Magazine article Supervisory Management

Communicating with a Diverse Workforce

Magazine article Supervisory Management

Communicating with a Diverse Workforce

Article excerpt

If there was one word to characterize the workforce of the '90s, that word would be "differences". The workforce of the '90s is composed of more minorities, recent immigrants, and women than ever before, and this diversity is expected to continue and increase considerably by the year 2000.

With their diverse cultures and backgrounds, these employees bring different perceptions, different value systems, and different languages to the workplace. This makes the task of communicating with this workforce more difficult. To communicate effectively in such an environment, you, as a supervisor, need to be aware of the diversity and to understand and value it. Become aware of the workeforce's diversity in terms of gender, color, nationality, and culture, and be aware that these differences will have important implications for you as a communicator. Learn to treat each employee as an individual with different needs and goals.

Developing a Sensitivity

to Differences

Increase your sensitivity to the effect that gender and cultural differences have on the way people perceive and interpret messages. People interpret messages based on past personal experiences, and you need to be aware of the emotional overtones related to an individual's background and experiences. Try to anticipate the meanings that may be attached to your messages.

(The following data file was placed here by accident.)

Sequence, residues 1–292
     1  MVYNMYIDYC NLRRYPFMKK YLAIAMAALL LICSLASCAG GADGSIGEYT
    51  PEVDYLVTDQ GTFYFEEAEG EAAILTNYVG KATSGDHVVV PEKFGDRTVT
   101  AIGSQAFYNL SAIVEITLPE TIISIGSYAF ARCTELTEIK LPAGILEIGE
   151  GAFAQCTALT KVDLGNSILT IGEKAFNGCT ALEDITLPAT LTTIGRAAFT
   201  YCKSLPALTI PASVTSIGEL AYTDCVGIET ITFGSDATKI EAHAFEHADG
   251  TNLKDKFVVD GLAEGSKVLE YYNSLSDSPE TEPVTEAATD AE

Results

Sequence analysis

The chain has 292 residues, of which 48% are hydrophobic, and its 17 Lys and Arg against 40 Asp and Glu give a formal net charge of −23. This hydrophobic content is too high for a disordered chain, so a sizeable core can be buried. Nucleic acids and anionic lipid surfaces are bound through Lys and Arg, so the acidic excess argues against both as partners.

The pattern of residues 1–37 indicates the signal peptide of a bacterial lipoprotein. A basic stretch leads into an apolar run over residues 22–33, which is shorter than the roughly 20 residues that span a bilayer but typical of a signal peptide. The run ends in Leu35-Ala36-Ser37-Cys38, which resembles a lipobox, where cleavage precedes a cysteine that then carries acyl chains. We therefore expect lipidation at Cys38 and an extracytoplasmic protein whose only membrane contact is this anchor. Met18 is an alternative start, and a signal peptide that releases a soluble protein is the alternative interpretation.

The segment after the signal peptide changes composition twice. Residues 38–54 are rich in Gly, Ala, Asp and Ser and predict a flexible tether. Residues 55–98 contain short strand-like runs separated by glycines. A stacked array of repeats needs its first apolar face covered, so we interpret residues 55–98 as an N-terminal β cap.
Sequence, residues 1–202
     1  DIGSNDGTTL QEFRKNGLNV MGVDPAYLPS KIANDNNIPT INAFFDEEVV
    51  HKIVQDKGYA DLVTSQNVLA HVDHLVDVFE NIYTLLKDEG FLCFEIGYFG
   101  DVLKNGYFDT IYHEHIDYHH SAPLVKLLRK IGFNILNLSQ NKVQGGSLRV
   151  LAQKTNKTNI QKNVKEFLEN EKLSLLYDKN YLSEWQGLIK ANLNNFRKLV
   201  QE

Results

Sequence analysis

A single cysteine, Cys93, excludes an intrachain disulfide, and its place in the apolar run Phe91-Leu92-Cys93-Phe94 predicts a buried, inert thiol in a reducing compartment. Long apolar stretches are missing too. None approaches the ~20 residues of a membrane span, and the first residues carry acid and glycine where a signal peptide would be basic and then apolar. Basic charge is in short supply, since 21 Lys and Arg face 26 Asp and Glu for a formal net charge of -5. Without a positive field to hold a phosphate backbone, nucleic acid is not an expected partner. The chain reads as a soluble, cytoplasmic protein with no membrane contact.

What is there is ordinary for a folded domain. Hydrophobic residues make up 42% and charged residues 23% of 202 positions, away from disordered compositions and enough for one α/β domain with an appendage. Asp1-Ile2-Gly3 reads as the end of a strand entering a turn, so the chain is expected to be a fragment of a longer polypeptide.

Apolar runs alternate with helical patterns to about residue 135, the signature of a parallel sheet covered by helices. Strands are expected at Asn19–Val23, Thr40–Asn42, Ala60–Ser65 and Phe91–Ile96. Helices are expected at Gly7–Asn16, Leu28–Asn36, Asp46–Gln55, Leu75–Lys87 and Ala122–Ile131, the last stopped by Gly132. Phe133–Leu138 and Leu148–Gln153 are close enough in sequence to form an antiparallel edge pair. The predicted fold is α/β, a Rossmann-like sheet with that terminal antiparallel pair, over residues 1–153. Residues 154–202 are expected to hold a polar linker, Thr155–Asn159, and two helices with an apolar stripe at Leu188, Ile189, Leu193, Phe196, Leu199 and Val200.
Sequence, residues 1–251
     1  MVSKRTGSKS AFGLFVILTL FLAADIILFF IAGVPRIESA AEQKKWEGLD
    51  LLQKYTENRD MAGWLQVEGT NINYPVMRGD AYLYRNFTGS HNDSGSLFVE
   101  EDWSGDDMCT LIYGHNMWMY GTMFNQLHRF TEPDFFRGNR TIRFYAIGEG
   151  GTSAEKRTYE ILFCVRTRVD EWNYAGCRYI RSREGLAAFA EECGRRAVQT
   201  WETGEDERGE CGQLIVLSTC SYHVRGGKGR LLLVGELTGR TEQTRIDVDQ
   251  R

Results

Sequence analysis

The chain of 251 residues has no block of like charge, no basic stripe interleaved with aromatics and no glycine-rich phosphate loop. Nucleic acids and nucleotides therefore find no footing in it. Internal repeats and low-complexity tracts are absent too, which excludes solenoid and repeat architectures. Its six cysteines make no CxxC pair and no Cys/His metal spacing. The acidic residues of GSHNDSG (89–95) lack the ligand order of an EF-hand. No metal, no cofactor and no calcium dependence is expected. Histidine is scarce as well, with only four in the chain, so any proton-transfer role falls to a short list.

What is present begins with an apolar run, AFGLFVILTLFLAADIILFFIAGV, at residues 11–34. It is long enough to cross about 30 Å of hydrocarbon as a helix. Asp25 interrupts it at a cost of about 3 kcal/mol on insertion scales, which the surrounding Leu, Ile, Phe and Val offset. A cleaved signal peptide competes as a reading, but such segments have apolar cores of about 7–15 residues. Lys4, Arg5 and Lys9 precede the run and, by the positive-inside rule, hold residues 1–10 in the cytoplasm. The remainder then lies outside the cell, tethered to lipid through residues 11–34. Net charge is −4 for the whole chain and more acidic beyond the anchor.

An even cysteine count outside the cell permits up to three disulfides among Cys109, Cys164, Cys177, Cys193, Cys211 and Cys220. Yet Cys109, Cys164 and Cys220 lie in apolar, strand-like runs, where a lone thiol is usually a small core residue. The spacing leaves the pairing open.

Using Appropriate Language

The same words may mean different things to different people because of cultural differences. Additionally, if English is not a person's native language, that person may interpret your messages differently from what you intended. Consequently, become aware of employees who have difficulty with English. Even individuals who speak English well may have problems reading and writing it. Try to identify those employees who have poor English skills and offer training to improve their skills. In the meantime, avoid the use of jargon and idiomatic expressions as they are often the cause of misinterpretation.

The Place of Body Language

The interpretation of body language, such as gestures, eye contact, handshake, and facial expressions, varies according to culture. Be aware of how your body language may be interpreted, as well as how you interpret the body language of others. While your culture may stress the importance of eye contact, for example, in certain other culture, employees may have been taught to avoid eye contact. …

Search by... Author
Show... All Results Primary Sources Peer-reviewed

Oops!

An unknown error has occurred. Please click the button below to reload the page. If the problem persists, please try again in a little while.